Nothing looks prettier or more satisfying to a farmer than rows of healthy crops growing tall and straight. All the plowing, tilling, soil prep and fussing to make ad keep those rows straight may not be the best for the plants, the soil, or the farmer’s bottom line.
Keeping soil the healthiest it can be produces the healthiest plants, and soil and conservation experts are encouraging no-till practices to help green up farmed lands.
“Nature does not till,” said Ray Archuleta, conservation agronomist with the USDA’s Natural Resource Conservation Service. “Which begs the question: Why do we?”
When soil is heavily tilled, the stalks from the previous crop are chopped, and the top several inches of soil structure are disturbed. Conventional thought suggests this fluffing action allows for better seed placement, but Archuleta said that no-till systems, especially when combined with cover crops, are better, and lead to healthier, more drought-resistant soil.
No-till has significant financial benefits for producers, too. “No-tillage can save thousands of dollars every year in fuel, labor and equipment maintenance,” Archuleta said. “The key is to let the soil organisms do the work.”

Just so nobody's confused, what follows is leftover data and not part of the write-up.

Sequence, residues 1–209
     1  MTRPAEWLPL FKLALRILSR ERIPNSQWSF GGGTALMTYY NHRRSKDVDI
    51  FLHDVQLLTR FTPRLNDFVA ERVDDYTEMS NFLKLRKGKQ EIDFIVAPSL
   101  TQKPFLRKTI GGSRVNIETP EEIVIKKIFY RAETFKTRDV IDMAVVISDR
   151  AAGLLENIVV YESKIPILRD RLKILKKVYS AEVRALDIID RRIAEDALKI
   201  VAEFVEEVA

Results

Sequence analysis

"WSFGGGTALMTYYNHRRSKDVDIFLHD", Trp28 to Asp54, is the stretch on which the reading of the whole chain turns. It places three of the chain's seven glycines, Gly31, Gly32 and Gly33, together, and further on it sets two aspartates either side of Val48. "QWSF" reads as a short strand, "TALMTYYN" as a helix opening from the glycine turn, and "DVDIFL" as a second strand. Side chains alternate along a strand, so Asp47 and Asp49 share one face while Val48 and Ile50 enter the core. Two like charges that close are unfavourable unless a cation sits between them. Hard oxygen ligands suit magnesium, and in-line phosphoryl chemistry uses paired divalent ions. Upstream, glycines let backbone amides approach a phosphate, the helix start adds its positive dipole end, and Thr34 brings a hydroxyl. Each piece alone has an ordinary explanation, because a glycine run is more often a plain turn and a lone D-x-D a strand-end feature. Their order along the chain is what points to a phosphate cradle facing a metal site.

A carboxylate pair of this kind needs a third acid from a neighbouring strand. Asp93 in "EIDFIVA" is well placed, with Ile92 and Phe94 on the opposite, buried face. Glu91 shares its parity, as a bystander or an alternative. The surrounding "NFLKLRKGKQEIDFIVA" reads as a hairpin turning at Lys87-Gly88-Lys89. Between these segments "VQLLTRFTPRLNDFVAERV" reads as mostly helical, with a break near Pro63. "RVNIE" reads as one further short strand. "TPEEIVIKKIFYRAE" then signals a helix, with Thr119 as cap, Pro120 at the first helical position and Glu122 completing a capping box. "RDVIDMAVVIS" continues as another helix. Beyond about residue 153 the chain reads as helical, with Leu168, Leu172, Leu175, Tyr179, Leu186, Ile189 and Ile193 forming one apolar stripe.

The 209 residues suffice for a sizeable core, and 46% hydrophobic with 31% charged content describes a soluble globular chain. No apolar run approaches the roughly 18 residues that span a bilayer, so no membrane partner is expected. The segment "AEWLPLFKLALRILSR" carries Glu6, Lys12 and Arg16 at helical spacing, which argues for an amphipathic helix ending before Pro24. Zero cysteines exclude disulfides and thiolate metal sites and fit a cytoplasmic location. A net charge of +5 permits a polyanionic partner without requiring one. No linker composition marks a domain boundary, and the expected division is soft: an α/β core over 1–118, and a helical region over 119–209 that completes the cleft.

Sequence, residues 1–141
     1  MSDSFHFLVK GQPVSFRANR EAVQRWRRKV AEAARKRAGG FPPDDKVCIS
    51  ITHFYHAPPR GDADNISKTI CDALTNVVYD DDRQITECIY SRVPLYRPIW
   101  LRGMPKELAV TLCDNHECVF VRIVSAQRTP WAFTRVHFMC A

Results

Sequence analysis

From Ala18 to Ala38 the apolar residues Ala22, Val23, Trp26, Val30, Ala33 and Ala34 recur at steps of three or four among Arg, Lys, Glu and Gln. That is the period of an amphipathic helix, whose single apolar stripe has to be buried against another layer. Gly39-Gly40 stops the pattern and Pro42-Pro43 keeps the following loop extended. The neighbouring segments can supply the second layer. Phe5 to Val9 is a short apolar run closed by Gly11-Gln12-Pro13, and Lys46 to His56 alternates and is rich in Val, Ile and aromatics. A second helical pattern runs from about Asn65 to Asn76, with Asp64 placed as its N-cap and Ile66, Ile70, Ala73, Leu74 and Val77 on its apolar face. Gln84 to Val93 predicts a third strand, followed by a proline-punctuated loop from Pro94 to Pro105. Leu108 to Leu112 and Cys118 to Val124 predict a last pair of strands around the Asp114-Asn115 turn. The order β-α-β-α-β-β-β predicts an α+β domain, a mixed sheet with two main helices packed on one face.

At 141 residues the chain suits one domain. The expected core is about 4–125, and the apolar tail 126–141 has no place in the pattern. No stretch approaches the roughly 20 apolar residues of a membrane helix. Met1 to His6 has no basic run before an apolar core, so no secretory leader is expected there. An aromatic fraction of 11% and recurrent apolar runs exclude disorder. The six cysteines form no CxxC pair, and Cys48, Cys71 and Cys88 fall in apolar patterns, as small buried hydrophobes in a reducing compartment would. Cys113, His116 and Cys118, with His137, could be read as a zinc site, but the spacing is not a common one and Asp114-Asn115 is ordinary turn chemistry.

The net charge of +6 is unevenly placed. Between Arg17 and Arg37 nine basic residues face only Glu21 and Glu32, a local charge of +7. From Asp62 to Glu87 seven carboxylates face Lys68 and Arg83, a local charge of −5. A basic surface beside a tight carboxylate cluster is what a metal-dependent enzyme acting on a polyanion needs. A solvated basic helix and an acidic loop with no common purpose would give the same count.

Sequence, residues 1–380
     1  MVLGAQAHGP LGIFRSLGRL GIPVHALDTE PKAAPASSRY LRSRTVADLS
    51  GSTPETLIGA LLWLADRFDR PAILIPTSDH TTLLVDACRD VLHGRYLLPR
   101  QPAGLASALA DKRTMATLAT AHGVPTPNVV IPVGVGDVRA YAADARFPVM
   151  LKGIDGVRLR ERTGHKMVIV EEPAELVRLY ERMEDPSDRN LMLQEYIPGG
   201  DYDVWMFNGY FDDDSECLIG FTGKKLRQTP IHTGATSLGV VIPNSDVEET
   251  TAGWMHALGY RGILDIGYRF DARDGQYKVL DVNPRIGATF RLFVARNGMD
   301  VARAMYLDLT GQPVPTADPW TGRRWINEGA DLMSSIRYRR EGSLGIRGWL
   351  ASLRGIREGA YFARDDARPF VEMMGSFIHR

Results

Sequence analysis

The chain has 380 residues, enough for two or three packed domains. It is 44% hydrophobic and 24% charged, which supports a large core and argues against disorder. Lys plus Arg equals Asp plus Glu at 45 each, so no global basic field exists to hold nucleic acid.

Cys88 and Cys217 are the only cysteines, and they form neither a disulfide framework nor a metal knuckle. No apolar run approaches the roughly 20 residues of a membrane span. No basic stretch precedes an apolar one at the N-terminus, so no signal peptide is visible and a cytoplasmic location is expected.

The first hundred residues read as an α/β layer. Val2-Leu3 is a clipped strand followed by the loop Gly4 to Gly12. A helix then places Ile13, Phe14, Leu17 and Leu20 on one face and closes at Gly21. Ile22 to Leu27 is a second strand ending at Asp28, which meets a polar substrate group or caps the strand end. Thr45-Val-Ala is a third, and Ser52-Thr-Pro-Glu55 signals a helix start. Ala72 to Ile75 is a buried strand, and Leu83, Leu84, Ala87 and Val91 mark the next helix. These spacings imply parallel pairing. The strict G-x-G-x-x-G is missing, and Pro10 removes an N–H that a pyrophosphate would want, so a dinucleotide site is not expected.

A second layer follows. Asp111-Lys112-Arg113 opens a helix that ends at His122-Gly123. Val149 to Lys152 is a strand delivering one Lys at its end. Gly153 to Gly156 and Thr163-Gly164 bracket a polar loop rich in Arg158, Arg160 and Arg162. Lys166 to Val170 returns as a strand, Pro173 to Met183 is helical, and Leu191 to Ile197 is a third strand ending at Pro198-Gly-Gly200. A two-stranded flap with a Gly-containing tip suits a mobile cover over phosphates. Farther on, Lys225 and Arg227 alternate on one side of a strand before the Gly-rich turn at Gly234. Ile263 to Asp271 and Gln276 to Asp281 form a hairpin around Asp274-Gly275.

Archuleta compares soil aggregates to the soil’s lungs and circulatory system. Aggregates provide oxygen for roots, increase pore space for water infiltration and reduce erosion.
Aggregates are also micro-ecosystems for housing bacteria, fungi and other soil organisms that are responsible for breaking down residues and soil nutrient cycling. The majority of these organisms are housed in the upper few inches of the soil – the top soil that is being damaged by tillage.
Any tillage causes organic matter to decompose, resulting in loss of soil carbon. Archuleta recommends no-tillage and adding fresh organic matter, such as manure, compost, and root and plant residue from living, diverse cover crops. Soil organisms use this as food to create healthy, biologically active soil ecosystems.
Archuleta suggests farmers use cover crops to address functional soil issues like compaction. “Tillage vegetables, such as radishes, grow deep into the soil to break apart compacted areas,” he said. “Annual ryegrass, crimson clover, winter cereal rye, oats and other cover crops also do a good job of reducing compaction and retaining moisture in the soil.”
There is a process in transitioning to a no-till operation. Farmers have to re-tool and change management practices on herbicides and rotations, but most importantly, they need to have an open mind at the possibilities that no-till with cover crops can bring.
Farmers may need to continue experimenting with different varieties and combinations of cover crops, including planting multiple species to find just the right companion plantings, but yields will significantly increase.
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